Banning words used by pro-eating disorder or pro-ED communities in Instagram backfired. A new Georgia Tech study found that Instagram users eventually invented new but similar words after the ban in 2012, turning “thighgap” into “thygap” or “thightgap,” just to name a few.

Additionally, the censorship even increased the support for these pro-ED Instagram groups. In spite of Instagram’s efforts to control the expression of these unhealthy behaviours, the number of supporters of anorexia, bulimia and other eating disorders still increased by up to 30 percent.

A user looking at an Instagram profile. Photo from Pixabay/YashilG

A user looking at an Instagram profile. Photo from Pixabay/YashilG

The Georgia Tech researchers investigated 2.5 million pro-ED posts from 2011 to 2014. Lead researcher Stevie Chancellor explains that pro-ED Instagram users remain anonymous and use specific hashtags.

“Likes and comments on these new tags were 15 to 30 percent higher compared to the originals,” notes Munmun De Choudury, an assistant professor at Georgia Tech’s School of Interactive Computing. “Before the ban, a person searching for hashtags would only find their intended word. Now a search produces dozens of similar, non-censored pro-ED terms. That means more content to view and engage with.”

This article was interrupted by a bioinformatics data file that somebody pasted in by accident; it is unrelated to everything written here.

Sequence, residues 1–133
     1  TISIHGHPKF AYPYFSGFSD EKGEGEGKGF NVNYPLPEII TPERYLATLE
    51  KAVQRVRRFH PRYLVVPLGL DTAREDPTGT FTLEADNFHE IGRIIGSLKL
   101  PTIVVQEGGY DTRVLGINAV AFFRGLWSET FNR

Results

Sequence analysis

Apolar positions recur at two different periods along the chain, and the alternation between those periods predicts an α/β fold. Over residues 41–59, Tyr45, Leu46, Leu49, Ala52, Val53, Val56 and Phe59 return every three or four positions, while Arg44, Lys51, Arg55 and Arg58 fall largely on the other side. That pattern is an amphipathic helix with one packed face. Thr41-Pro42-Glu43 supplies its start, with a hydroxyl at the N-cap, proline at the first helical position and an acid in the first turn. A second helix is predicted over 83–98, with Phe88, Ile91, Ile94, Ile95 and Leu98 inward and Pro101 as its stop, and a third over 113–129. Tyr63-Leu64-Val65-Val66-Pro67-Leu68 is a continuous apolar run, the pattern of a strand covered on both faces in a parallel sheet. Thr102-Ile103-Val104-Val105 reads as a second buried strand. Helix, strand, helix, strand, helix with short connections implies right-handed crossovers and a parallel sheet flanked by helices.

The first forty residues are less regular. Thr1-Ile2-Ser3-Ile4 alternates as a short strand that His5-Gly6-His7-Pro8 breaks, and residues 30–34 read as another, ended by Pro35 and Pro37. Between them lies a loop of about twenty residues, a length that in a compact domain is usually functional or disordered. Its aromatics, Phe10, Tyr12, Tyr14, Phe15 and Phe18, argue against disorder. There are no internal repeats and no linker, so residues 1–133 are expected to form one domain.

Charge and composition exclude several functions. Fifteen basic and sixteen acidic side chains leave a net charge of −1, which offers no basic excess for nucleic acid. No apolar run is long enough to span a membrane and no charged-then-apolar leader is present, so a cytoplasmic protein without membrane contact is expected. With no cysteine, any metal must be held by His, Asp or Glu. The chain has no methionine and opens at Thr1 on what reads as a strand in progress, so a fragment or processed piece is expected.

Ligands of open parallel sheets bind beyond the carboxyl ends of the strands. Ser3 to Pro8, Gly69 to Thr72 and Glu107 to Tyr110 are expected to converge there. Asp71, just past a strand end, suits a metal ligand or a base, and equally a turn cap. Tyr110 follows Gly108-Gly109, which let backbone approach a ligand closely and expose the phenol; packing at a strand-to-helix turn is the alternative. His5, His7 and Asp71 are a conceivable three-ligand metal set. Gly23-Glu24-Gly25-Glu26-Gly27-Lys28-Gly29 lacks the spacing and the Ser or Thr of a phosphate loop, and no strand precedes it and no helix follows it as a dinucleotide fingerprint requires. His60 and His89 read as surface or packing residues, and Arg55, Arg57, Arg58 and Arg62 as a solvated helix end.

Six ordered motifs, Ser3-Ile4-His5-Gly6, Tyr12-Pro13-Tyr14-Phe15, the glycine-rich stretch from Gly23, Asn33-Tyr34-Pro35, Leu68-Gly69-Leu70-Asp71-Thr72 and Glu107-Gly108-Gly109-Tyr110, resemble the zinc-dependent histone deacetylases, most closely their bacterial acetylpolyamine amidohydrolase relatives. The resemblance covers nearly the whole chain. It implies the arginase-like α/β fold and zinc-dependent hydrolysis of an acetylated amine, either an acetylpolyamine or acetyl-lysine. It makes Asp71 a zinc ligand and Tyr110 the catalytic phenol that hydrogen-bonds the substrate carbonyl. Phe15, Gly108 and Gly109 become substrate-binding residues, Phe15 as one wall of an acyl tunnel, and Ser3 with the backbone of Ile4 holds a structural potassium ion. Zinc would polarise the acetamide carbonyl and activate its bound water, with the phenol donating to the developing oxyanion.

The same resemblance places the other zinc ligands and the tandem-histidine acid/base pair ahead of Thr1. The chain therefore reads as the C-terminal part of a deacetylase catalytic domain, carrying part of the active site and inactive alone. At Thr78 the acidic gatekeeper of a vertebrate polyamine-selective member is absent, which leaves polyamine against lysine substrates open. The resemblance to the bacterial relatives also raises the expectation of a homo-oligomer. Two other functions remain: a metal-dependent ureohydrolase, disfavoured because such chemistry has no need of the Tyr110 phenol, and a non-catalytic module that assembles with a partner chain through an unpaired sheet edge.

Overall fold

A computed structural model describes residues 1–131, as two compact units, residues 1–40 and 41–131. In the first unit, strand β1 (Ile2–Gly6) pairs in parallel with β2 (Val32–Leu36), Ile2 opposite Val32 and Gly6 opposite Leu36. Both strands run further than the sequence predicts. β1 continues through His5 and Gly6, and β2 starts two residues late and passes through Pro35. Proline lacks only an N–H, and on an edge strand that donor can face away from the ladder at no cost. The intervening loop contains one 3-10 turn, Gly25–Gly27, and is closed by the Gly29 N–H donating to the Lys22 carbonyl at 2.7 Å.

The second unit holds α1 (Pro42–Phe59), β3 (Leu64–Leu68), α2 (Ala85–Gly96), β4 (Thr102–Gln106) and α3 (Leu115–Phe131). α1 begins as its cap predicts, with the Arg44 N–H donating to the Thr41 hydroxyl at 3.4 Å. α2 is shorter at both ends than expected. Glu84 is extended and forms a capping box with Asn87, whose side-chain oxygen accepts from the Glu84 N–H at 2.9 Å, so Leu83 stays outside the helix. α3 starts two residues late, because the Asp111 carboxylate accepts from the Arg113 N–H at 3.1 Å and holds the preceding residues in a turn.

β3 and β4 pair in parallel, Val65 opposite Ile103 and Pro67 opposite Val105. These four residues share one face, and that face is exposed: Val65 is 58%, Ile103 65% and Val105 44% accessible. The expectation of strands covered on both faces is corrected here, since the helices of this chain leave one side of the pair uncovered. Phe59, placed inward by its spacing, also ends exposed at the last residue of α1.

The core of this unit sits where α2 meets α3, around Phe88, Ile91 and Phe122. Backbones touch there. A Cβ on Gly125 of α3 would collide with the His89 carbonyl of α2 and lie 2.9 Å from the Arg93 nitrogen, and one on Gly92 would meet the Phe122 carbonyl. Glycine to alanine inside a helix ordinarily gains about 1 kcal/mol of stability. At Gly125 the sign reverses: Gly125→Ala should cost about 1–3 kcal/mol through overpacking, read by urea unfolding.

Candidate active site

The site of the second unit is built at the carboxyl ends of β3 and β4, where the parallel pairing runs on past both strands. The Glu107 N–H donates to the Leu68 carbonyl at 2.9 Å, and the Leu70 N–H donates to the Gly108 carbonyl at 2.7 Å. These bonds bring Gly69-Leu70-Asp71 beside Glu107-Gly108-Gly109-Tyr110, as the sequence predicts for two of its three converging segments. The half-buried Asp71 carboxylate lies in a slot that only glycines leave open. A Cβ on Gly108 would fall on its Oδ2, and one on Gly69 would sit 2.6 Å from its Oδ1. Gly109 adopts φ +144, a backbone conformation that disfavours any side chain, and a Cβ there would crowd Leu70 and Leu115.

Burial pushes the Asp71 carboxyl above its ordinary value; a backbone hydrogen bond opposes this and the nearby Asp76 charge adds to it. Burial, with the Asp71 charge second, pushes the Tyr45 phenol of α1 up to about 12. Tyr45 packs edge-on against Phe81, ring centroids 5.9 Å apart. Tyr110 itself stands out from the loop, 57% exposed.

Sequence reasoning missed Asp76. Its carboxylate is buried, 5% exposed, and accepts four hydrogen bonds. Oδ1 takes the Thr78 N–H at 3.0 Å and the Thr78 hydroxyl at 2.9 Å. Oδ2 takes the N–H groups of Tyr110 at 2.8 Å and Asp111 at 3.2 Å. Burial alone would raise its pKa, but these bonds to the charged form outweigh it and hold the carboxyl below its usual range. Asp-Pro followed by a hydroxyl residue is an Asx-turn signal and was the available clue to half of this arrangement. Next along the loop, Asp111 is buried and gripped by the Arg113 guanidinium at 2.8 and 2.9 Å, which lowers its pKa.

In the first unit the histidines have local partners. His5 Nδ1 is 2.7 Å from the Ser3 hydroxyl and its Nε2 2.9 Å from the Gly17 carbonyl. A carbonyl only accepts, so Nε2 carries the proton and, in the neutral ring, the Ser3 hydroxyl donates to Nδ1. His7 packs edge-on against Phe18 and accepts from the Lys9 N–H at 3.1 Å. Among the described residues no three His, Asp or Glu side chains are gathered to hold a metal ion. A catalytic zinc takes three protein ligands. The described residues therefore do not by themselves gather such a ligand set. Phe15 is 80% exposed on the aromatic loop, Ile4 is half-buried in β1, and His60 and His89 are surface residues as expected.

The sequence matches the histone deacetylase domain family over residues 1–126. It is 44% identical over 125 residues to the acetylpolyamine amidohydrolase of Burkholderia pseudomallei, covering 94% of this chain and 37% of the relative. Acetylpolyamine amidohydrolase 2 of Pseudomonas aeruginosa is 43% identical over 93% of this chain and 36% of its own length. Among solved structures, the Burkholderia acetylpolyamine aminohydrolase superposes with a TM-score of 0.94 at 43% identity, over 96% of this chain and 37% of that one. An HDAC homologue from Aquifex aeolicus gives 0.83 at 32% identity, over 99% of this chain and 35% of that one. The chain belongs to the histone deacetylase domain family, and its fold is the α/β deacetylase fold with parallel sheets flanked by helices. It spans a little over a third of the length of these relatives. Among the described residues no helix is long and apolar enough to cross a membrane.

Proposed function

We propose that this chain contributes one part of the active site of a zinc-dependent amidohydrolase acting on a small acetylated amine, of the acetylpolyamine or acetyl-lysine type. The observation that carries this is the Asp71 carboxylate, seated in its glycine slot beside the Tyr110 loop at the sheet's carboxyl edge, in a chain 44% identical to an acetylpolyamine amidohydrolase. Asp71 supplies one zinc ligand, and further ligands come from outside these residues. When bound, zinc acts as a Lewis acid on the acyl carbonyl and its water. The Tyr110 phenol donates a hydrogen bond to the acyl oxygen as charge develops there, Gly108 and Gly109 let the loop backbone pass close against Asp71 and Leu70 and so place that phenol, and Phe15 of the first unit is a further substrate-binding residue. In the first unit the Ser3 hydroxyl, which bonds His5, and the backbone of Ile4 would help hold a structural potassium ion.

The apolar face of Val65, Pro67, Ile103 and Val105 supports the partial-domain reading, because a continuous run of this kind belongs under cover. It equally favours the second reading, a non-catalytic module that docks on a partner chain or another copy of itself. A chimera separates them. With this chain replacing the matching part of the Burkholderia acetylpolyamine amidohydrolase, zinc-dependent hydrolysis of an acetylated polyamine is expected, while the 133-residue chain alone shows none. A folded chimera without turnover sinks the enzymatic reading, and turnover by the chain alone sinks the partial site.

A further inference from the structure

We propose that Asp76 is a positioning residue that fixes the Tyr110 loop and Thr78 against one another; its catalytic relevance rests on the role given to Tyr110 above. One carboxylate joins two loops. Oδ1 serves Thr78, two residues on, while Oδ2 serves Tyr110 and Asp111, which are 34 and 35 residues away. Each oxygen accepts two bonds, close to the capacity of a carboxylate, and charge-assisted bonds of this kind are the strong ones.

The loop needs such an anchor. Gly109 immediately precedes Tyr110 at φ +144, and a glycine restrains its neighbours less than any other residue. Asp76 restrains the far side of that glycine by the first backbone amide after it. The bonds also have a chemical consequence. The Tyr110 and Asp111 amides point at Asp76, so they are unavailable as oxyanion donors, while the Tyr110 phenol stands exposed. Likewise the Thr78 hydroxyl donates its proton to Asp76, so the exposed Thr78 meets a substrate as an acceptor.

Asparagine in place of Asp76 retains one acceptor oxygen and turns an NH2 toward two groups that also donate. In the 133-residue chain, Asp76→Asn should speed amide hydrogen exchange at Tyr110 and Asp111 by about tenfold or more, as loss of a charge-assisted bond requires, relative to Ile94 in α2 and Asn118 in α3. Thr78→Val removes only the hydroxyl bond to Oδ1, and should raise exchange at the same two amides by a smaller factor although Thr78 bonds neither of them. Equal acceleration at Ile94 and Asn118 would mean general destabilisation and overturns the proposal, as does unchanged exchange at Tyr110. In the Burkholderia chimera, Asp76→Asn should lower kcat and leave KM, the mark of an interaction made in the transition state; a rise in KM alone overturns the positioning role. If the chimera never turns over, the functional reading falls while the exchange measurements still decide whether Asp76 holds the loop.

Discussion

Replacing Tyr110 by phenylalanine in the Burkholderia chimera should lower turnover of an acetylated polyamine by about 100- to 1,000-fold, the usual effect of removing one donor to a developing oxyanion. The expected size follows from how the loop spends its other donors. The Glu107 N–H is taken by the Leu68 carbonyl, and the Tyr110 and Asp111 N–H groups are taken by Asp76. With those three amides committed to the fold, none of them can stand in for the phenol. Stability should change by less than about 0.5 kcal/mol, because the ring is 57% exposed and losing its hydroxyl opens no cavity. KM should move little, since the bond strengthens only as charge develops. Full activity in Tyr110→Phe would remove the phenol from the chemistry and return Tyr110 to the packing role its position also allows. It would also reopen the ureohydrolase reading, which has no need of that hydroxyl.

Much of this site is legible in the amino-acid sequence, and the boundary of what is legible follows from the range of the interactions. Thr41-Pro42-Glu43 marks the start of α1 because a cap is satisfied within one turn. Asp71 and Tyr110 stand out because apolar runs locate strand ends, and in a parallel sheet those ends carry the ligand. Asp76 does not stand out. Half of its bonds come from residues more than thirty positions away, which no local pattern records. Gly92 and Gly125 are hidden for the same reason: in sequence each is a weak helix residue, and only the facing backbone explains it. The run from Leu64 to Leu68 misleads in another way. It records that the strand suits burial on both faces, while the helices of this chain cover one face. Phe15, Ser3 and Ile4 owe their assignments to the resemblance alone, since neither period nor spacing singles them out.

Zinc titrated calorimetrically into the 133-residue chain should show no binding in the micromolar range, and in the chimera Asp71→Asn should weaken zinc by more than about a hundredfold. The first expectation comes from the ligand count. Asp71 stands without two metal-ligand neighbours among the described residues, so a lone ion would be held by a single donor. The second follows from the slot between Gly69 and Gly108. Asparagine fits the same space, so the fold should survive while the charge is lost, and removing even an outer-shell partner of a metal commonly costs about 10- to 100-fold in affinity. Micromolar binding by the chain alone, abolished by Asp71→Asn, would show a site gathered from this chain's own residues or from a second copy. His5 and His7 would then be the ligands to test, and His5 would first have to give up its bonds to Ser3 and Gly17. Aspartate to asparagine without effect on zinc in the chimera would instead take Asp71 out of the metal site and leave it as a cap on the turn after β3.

Previously, some of the hashtags they used were “thighgap,” “thinspiration” and “secretsociety.” These users stopped using these as soon as the ban was enacted, and they tweaked the spelling of words like “‘thinspiration’ with “thynspiration” or “thynspo,”  “thighgap” with “thightgap” or “thygap.”

The other 17 terms also turned into hundreds of new words, with 40 variables each term on the average. The term “thighgap” even turned into 107 new but similar words.

Instagram does not allow any words associated with racism, sex or self-harm. Nevertheless, along with contents showing different eating disorders, the research team also discovered that these hashtags also contained contents from self-harm, isolation, even suicide.  Still, the Georgia Tech team insists that other approaches other than simply banning these words may solve the problem.

“Allow them to be searchable. But once they’re selected, the landing page could include links to help organisations,” suggests Chancellor. “Maybe the search algorithms could be tweaked. Instead of similar terms being displayed, Instagram could introduce recovery-related terms in the search box.”